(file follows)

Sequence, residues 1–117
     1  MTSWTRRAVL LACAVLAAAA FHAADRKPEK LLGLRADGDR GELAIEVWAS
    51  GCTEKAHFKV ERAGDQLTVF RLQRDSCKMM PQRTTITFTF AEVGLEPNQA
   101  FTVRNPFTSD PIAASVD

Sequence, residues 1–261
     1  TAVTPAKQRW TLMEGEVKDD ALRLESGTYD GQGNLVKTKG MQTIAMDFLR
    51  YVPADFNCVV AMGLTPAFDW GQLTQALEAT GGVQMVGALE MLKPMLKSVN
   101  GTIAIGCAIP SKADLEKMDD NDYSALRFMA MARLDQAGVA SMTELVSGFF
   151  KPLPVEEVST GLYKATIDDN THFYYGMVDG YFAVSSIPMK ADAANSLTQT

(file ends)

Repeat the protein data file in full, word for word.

Sequence, residues 1–117
     1  MTSWTRRAVL LACAVLAAAA FHAADRKPEK LLGLRADGDR GELAIEVWAS
    51  GCTEKAHFKV ERAGDQLTVF RLQRDSCKMM PQRTTITFTF AEVGLEPNQA
   101  FTVRNPFTSD PIAASVD

Sequence, residues 1–261
     1  TAVTPAKQRW TLMEGEVKDD ALRLESGTYD GQGNLVKTKG MQTIAMDFLR
    51  YVPADFNCVV AMGLTPAFDW GQLTQALEAT GGVQMVGALE MLKPMLKSVN
   101  GTIAIGCAIP SKADLEKMDD NDYSALRFMA MARLDQAGVA SMTELVSGFF
   151  KPLPVEEVST GLYKATIDDN THFYYGMVDG YFAVSSIPMK ADAANSLTQT